You could be grateful that you have a yard. Imagine living in an apartment with no place for the kids to play but your livingroom.

At November 28, 2005 at 7:04:00 AM EST, Blogger Alice said...

BTW, parents out there, how long is too long to let a three-month-old baby cry in his crib to fall asleep? He won't take naps in his crib and I'm stumped.

At November 28, 2005 at 7:22:00 AM EST, Blogger yitz said...

Alice: Till he/she falls asleep!

At November 28, 2005 at 7:38:00 AM EST, Blogger A Simple Jew said...

I agree with Yitz. With our first child we would always run and get her...and then spend the rest of the days blearly eyed. We learned our lesson with #2.

At November 28, 2005 at 7:49:00 AM EST, Blogger Jameel @ The Muqata said...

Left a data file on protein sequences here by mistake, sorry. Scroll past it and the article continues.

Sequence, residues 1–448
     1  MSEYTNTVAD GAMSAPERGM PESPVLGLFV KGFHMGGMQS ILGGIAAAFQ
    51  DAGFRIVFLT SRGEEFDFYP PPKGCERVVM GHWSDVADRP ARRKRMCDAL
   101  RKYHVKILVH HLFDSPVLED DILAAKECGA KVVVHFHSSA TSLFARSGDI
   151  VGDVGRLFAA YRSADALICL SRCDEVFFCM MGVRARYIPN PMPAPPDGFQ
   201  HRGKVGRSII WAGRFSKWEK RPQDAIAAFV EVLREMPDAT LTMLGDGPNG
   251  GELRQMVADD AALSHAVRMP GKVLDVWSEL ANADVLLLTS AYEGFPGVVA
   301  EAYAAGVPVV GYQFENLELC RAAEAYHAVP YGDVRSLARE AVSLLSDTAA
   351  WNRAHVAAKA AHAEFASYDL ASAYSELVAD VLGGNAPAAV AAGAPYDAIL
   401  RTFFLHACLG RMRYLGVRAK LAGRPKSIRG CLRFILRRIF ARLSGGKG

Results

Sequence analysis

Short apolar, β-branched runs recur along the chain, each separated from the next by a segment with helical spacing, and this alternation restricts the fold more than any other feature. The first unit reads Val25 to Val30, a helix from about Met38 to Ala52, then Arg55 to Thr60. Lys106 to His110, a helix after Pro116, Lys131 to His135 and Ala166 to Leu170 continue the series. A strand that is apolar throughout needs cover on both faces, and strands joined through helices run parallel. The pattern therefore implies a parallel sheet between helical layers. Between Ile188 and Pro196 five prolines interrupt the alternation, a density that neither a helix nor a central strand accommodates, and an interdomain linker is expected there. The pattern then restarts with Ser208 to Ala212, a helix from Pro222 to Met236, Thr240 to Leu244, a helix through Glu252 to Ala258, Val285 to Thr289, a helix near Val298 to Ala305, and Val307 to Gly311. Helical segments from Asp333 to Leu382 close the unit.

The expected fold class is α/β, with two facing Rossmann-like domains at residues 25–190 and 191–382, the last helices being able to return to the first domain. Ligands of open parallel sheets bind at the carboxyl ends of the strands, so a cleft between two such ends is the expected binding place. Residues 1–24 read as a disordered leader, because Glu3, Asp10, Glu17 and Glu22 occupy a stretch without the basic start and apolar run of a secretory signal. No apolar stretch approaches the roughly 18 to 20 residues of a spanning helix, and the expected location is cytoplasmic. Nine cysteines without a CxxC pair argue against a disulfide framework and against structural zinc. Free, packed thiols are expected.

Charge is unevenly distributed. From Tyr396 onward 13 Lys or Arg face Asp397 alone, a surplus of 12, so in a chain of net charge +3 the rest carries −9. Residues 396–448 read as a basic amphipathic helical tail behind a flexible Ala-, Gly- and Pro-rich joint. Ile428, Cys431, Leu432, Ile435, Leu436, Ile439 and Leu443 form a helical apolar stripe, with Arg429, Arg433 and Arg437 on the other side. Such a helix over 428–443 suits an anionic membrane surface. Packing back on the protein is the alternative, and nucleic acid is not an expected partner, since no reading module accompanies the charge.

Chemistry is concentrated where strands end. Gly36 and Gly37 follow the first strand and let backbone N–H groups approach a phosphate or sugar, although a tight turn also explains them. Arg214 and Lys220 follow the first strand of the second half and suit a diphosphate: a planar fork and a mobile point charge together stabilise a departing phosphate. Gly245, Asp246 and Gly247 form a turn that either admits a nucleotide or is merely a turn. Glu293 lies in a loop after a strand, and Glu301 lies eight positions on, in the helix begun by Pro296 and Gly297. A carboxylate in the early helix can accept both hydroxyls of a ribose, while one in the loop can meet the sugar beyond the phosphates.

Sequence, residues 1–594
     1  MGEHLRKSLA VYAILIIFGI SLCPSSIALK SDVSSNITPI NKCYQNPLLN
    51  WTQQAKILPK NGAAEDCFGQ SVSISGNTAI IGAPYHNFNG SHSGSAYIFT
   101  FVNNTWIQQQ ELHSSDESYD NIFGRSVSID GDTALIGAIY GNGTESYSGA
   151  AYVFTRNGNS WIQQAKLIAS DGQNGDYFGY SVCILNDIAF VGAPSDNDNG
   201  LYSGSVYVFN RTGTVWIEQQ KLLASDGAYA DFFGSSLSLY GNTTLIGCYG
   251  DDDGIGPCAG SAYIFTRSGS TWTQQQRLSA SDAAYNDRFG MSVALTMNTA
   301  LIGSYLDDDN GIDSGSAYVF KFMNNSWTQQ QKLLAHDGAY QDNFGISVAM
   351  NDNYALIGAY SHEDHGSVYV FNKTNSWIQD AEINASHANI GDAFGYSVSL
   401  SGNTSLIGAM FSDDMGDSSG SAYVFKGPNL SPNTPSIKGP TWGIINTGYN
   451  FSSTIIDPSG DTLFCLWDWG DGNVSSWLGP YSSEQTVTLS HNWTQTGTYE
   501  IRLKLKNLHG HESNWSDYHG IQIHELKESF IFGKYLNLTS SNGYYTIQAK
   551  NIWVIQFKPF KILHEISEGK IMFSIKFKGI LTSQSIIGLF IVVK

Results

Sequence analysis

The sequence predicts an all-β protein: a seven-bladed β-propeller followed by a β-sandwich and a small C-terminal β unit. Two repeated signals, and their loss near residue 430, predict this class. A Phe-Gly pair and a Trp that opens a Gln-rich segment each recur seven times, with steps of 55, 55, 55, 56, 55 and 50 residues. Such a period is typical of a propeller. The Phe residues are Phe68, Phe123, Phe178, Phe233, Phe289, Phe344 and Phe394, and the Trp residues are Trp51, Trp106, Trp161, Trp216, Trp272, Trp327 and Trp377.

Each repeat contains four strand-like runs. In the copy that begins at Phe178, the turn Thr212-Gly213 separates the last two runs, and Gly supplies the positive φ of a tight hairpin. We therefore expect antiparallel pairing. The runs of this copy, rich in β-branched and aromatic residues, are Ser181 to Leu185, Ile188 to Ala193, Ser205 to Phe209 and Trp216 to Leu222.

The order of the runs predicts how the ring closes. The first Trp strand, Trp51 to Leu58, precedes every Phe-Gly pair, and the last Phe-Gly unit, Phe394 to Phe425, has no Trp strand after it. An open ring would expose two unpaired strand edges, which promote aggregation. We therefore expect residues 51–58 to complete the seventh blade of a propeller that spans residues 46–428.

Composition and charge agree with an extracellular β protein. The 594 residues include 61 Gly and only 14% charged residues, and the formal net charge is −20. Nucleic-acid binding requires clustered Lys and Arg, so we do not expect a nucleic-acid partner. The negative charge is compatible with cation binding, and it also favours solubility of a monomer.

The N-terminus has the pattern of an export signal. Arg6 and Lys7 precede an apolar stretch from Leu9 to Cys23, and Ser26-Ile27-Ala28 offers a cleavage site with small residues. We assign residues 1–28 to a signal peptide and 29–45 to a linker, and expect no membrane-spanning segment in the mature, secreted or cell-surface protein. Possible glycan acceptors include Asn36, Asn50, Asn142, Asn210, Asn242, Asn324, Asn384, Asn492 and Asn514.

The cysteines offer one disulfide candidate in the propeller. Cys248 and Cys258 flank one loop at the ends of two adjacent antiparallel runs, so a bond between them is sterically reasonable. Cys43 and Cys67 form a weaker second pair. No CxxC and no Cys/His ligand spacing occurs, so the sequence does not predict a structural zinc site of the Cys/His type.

ASJ: Since you can't give anyone more time, I suggest the following;

1. Get a leaf blower. Alot more fun than leaf-blowing!

2. Read "The Phantom Tollbooth"

Alice: Get a wind-up well. My almost 3-year old kept me up all night as well. I can't ignore him, since his screaming wakes up the 6 other kids. Thats why I missed minyan (5:40 AM) this morning.

On Sunday, I showed up to minyan so tired, I forgot my tefillin at home. Luckily home is a 30 second walk from shul.

At November 28, 2005 at 8:02:00 AM EST, Blogger A Simple Jew said...

Jameel: I did not mean to imply that I do not have time for anyone. The point of the posting is that I routinely feel that a lot of my time is being eaten up by things that are not so "important".